#Analysis #China #Economy #Trade #Africa
Agence Ecofin
31 May 2023 Last update on Wednesday, May 31, 2023 At 10:24 AM

Despite Beijing's commitment to correcting the imbalance that characterizes its trade relations with Africa, Chinese imports from the continent have recorded a double-digit decline in the first four months of the current year.

Trade between China and Africa reached $94.4 billion in the first four months of 2023, up 8.9 percent from the same period of 2022, according to data released by the General Administration of China Customs.

Between January 1 and April 30, 2023, exports from the Middle Kingdom to African countries increased by 26.9% compared to the same period of the past year to reach 58.9 billion dollars .

Chinese imports from Africa, however, fell by 11.8% year-on-year in the first four months of the current year, being limited to 35.5 billion dollars.

According to analysts, the fall in the value of Chinese imports from Africa since the beginning of 2023 is mainly due to the decline in commodity prices and the drop in demand for minerals, in the context of a less vigorous than expected recovery of the Asian giant’s economy.

Slower Chinese economic growth due to prolonged lockdowns and geopolitical tensions that disrupted supply chains in 2022 has significantly increased China’s mineral inventories and reduced demand for all commodities,” said Carlos Lopes, former executive secretary of the United Nations Economic Commission for Africa, quoted by the daily South China Morning Post.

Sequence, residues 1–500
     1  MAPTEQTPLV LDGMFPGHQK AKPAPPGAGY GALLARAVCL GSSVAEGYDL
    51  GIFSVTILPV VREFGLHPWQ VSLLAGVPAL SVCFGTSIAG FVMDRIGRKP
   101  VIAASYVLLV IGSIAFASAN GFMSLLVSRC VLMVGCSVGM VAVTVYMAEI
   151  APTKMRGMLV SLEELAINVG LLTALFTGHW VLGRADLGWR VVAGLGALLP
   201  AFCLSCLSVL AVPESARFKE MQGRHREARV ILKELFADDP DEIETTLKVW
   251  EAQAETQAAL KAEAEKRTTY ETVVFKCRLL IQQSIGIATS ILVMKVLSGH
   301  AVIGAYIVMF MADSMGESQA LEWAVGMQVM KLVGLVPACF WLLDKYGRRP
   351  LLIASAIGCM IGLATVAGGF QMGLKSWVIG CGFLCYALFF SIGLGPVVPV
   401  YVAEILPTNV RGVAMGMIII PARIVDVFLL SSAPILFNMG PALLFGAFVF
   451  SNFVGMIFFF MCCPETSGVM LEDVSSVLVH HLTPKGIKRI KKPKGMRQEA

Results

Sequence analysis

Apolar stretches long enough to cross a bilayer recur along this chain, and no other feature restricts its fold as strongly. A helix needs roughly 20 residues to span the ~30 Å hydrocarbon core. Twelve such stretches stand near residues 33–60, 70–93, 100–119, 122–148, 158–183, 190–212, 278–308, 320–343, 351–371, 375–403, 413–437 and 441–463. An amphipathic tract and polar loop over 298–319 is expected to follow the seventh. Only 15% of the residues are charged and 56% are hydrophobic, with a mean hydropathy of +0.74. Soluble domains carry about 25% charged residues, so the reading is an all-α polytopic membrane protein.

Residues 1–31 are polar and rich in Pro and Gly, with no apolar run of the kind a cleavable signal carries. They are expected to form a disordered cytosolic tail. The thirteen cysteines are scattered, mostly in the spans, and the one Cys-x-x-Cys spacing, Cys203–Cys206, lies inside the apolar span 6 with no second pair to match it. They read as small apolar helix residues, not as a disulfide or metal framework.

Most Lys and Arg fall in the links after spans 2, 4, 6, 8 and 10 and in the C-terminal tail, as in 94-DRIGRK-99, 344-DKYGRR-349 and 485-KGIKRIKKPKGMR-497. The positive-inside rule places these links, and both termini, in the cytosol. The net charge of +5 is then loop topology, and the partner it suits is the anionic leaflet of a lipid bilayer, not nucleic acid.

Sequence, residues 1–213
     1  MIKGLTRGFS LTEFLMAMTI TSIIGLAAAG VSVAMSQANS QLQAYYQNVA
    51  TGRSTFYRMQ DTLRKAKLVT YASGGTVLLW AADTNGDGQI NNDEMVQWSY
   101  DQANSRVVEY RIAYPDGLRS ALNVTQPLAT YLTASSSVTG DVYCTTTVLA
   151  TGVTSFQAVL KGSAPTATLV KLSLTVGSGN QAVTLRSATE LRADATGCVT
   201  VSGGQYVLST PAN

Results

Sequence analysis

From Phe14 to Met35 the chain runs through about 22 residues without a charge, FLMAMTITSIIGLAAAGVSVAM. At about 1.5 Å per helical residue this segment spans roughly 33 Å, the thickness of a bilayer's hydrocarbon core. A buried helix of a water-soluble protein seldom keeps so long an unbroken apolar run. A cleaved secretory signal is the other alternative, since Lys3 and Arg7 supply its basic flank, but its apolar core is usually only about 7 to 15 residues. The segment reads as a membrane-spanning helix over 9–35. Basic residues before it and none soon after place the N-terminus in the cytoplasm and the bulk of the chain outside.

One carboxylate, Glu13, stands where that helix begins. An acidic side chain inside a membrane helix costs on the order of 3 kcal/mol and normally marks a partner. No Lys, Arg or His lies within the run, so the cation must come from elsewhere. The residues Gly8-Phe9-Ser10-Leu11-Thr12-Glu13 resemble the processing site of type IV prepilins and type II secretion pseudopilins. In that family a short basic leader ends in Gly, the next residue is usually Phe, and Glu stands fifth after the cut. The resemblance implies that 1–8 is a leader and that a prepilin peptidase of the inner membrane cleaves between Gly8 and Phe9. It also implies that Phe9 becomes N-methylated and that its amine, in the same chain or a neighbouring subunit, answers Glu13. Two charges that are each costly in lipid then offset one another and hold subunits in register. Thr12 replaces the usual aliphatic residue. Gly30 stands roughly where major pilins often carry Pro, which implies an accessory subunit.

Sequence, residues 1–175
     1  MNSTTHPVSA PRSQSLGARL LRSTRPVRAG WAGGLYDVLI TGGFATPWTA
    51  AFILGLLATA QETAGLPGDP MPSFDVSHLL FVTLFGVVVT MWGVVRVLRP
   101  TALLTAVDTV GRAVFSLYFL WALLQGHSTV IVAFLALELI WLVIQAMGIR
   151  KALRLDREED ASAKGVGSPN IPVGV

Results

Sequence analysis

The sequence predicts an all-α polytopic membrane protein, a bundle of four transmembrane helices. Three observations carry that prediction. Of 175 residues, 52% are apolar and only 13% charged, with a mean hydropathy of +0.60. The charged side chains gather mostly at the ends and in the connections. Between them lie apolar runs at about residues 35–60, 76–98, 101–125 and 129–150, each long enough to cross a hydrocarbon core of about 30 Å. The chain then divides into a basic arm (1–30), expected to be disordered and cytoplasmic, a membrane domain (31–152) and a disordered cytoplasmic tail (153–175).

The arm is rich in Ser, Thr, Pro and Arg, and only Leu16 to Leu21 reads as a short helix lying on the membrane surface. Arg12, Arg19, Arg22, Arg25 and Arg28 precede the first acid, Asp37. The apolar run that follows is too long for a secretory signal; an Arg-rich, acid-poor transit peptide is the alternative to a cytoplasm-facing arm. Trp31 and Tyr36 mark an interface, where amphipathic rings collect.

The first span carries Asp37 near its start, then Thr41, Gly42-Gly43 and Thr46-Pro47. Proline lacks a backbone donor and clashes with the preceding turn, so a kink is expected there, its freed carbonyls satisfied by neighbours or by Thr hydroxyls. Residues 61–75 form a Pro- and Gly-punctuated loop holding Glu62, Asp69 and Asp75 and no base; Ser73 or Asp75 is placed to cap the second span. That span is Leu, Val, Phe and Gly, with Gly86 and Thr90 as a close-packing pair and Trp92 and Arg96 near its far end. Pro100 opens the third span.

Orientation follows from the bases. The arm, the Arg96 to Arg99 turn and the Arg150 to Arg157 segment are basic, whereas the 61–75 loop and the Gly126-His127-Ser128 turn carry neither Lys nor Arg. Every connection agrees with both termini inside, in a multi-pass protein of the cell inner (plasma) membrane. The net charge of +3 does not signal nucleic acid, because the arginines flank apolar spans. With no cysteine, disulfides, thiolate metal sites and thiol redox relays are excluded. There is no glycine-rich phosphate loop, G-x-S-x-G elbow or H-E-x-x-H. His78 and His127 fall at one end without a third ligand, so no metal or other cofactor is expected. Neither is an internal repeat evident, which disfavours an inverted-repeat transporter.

Most Chinese exports to Africa are finished goods (textiles-clothing, machinery, electronics, etc.), while African exports to the Middle Kingdom are dominated by raw materials such as crude oil, copper , cobalt and iron ore, resulting in a trade surplus in favor of China.

However, the Chinese authorities have put in place policies aimed at correcting this trade imbalance. Last September, Beijing removed tariffs on 98% of products imported from nine African countries, including Guinea, Mozambique, Rwanda and Togo.

This tariff dismantling follows the announcement by Chinese President Xi Jinping, during the 8th Ministerial Conference of the Forum on China-Africa Cooperation (FOCAC 8) held in Dakar in November 2021, of Beijing’s intention to increase its imports of African agricultural products.

The Chinese leader then indicated that the objective was to increase Chinese imports from the African continent to 100 billion dollars per year from 2022, then to 300 billion dollars per year by 2035.

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